In fact, the exacting singing of Polyphony, under the direction of Stephen Layton, gives the world a better sense of Whitacre’s music than many American performances.
Most of Whitacre’s music can be described as tone poems. He paints with sound, moving to specific chords at just the precise moment to evoke the spirituality and sensuousness within the text. While words may not be set to specific colors, the overall sound and direction of the piece rely on a deep understanding of the poetry. Whitacre builds dense textures of sound that ebb and flow. He uses large cluster chords as structural pillars that develop from a sparse texture to a layered wall of sound.
With Polyphony’s accurate intonation, the clusters and clouds of sound shimmer with clarity. The music’s billowing and unique color shifts waft and settle in the ensemble’s perfect evenness of tone. Additionally, having been recorded in a large reverberant church, the music’s spaciousness is allowed to unfold into the air. Luckily, the words, the inspiration for such tone painting, are not lost in the dense texture because of the group’s crisp, clean diction.
While an entire compact disc of Eric Whitacre may seem monochromatic at times, Layton’s arrangement of the selections provides the greatest possible variety between the music’s emotional and spiritual centers. He precedes and follows many of the weightier works with lighter, simple pieces. The trauma, torment, and massive grief expressed in When David Heard are preceded by the elegantly simple Go, Lovely Rose, which conveys the opening of a flower. The disc’s title piece, Cloudburst, is arguably the most virtuosic and interesting selection. Polyphony’s incisive singing wonderfully evokes the many senses and sounds of a cloud bubbling with pressure and rupturing into rainfall.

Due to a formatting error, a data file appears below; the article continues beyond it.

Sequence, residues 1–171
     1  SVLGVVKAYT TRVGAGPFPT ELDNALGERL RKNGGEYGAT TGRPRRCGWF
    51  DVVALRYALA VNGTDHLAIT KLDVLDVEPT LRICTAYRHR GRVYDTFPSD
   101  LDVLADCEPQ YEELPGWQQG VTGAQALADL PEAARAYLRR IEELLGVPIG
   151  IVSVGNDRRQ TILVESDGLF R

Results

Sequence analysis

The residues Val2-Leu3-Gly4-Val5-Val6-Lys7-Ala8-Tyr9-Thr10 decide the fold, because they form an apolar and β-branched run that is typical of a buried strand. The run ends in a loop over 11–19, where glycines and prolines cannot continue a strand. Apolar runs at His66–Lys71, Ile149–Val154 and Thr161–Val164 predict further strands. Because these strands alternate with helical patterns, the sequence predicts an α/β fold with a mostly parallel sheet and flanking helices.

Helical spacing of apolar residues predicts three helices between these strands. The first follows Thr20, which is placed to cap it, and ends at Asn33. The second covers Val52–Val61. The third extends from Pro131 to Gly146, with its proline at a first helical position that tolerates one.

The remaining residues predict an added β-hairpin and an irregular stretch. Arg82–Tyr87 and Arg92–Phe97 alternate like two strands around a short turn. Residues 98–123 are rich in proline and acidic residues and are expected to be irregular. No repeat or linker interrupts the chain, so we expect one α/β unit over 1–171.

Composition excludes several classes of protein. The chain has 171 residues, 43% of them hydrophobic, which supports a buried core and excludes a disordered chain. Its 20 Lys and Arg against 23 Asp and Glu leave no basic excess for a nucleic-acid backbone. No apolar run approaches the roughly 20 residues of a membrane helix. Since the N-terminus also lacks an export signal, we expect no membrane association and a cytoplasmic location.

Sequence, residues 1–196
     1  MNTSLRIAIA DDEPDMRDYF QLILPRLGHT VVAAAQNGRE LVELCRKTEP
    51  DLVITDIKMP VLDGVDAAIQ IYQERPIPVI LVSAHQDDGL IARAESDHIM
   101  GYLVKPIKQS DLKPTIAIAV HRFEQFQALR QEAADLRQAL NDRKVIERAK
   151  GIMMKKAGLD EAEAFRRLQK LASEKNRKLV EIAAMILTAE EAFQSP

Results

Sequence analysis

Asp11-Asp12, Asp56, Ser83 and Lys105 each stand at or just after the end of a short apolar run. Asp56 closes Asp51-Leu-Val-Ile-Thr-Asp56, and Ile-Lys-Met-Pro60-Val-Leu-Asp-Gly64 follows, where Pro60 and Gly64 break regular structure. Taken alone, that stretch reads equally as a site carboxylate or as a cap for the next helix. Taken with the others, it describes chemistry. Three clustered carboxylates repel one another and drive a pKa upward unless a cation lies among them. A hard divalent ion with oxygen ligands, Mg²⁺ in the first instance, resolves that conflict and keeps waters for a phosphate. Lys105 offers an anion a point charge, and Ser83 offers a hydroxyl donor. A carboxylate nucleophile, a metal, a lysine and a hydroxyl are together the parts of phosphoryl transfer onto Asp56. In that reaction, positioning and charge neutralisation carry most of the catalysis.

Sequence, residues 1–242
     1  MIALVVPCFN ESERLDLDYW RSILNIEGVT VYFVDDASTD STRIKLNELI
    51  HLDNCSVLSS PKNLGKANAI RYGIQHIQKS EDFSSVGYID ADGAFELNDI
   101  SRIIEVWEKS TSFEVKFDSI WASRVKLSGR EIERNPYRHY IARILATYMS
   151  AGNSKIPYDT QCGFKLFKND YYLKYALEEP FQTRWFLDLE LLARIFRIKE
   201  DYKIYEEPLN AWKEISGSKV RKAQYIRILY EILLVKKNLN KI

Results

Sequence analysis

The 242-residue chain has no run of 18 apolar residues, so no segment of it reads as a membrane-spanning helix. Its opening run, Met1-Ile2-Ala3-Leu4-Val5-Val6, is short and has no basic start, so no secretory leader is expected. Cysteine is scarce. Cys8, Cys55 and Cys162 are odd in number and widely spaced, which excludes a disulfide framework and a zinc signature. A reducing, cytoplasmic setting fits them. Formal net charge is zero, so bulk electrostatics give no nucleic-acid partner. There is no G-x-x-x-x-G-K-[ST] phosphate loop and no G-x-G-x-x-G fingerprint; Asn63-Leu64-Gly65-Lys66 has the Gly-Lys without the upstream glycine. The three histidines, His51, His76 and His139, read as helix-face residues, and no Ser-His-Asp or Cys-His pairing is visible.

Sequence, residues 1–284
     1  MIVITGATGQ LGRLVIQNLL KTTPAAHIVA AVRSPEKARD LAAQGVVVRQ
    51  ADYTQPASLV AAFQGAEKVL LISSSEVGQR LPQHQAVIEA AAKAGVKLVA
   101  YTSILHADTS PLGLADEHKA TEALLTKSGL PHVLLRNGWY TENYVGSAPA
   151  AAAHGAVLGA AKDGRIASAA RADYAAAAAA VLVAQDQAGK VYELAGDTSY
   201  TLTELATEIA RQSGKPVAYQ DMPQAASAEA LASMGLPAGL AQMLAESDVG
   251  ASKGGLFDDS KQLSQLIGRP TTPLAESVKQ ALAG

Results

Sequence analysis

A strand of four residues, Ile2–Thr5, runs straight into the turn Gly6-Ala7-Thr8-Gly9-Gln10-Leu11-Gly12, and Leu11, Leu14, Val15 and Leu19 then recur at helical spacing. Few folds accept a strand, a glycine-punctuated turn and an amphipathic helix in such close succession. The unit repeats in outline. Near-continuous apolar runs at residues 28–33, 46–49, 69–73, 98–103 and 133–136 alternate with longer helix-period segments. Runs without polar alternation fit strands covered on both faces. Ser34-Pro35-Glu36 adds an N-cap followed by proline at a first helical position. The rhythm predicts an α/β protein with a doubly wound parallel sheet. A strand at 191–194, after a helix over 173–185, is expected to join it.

When it comes to American choral music, sometimes there can be much to learn by allowing others to wrestle with it. The English sound and the Whitacre sonic universe form a happy union on this CD. The flawless intonation and clear, selfless tone quality of Polyphony, under their director Stephen Layton, bring a profound clarity and light to the dense flowing tonality of Eric Whitacre’s choral music.